Connect with us

News

Google exec hopeful AI can address climate change; concerned about its environmental impact

Published

on

During the Wired Impact Conference in London, Sims Witherspoon, the Climate Action Lead at Google DeepMind expressed a hopeful view regarding AI’s potential to address the scientific and technological challenges of climate change.

Witherspoon, who believes in the role of AI in tackling environmental challenges, stresses the importance of approaching the problem with careful consideration and a nuanced understanding of the issues, emphasizing the need for thoughtful questioning and reflection.

In 2022, Google announced the merger of its Brain and DeepMind AI teams under a new umbrella called Google DeepMind.

Proposing a three-step framework for using AI to tackle climate change, Witherspoon suggests starting with understanding the problem, optimizing AI solutions, and accelerating deployment for meaningful change.

Witherspoon notes that various factors, including regulatory constraints, infrastructure limitations, data availability, and a lack of suitable partners, can limit the deployment of AI solutions for climate change.

According to Witherspoon, a collaborative approach involving academics, regulators, businesses, NGOs, and communities impacted by climate change is key to addressing the challenge with AI.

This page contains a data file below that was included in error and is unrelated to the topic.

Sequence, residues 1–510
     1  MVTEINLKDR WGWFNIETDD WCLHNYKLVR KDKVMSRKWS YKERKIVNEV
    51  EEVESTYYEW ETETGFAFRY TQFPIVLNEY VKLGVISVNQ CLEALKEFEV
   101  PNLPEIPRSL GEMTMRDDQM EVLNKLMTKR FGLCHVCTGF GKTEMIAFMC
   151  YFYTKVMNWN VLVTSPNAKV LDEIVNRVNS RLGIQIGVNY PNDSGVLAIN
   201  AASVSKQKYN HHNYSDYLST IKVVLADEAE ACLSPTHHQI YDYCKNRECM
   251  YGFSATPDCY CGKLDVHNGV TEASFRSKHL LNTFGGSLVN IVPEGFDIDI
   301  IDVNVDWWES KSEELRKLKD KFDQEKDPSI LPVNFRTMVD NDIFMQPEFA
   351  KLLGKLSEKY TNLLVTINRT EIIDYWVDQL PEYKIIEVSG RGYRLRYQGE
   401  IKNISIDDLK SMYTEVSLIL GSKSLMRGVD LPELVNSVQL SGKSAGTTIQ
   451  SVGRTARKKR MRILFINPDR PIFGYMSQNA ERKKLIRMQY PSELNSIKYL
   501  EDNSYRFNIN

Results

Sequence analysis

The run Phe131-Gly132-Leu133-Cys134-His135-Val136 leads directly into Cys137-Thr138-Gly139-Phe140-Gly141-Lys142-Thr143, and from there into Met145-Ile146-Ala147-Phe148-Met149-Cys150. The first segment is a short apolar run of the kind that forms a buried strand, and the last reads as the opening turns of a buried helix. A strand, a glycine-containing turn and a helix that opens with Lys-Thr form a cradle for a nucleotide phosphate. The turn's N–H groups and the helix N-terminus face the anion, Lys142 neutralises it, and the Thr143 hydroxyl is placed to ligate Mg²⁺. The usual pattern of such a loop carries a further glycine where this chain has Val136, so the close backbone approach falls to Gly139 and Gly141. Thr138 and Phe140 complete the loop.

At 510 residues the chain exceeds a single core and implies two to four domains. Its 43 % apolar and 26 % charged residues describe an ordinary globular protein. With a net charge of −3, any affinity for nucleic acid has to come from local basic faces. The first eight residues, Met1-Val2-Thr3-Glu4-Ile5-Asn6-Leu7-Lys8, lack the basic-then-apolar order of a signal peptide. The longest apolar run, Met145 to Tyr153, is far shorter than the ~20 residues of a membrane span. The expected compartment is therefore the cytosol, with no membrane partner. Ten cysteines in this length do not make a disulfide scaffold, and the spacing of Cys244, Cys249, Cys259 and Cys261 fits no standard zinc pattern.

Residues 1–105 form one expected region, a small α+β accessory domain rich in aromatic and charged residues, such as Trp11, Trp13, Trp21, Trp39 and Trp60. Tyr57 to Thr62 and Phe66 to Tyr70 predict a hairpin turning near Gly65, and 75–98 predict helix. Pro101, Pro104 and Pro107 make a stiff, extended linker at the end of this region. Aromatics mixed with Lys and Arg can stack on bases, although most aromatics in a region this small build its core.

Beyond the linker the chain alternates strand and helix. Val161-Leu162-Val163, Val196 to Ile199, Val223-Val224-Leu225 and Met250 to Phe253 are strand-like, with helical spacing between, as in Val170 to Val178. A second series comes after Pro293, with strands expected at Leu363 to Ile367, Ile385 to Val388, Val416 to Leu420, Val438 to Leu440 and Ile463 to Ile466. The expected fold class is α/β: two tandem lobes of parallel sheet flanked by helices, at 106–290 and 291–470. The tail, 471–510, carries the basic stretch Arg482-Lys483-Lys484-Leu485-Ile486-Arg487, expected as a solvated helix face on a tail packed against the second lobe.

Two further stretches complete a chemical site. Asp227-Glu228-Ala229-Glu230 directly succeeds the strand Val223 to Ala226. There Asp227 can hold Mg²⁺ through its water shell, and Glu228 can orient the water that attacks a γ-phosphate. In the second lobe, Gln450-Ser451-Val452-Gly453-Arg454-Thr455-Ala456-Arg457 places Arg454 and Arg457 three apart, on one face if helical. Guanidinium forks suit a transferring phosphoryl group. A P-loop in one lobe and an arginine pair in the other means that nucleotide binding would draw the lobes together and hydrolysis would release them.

In 2021, Google DeepMind collaborated with the U.K. National Weather Service to analyze rainfall patterns in the U.K. using radar data and AI. For analyzing the rainfall data, Google DeepMind employed its Deep Generative Model of Rain (DGMR) model.

 Witherspoon stated,

 “We conducted a qualitative assessment involving 50 meteorological experts in the U.K. Met Office, and over 90% of them favored our methods—ranking them as their top choice over traditional methods,”

Sims underscores that the source code for the DGMR model and the methods used to verify its accuracy are publicly available. While recognizing AI’s potential in addressing climate change, Witherspoon stresses that it is not a magic solution, and AI is not a catch-all solution for all the challenges of climate change.

Witherspoon acknowledges that the computational power required for AI systems has an environmental impact and emphasizes the need for responsible deployment of AI, focusing on moving towards a carbon-free energy grid.

Boston University professor Kate Saenko has warned about the growing environmental footprint of AI systems like GPT-3. Researchers highlight that the computational power required to train GPT-3 is significant, with the training process emitting 552 tons of CO2 and consuming the equivalent energy of 123 cars driving for a year.

 

Read also: SBI Holdings partners with Circle for USDC circulation and web3 services

 

0 0 votes
Article Rating
Advertisement Earnathon.com
Click to comment
0 0 votes
Article Rating
Subscribe
Notify of
guest

0 Comments
Inline Feedbacks
View all comments

Latest Episode on Inside Blockchain

Crypto News Update

Crypto Street

Advertisement



Trending

ALL Sections

Recent Posts

0
Would love your thoughts, please comment.x
()
x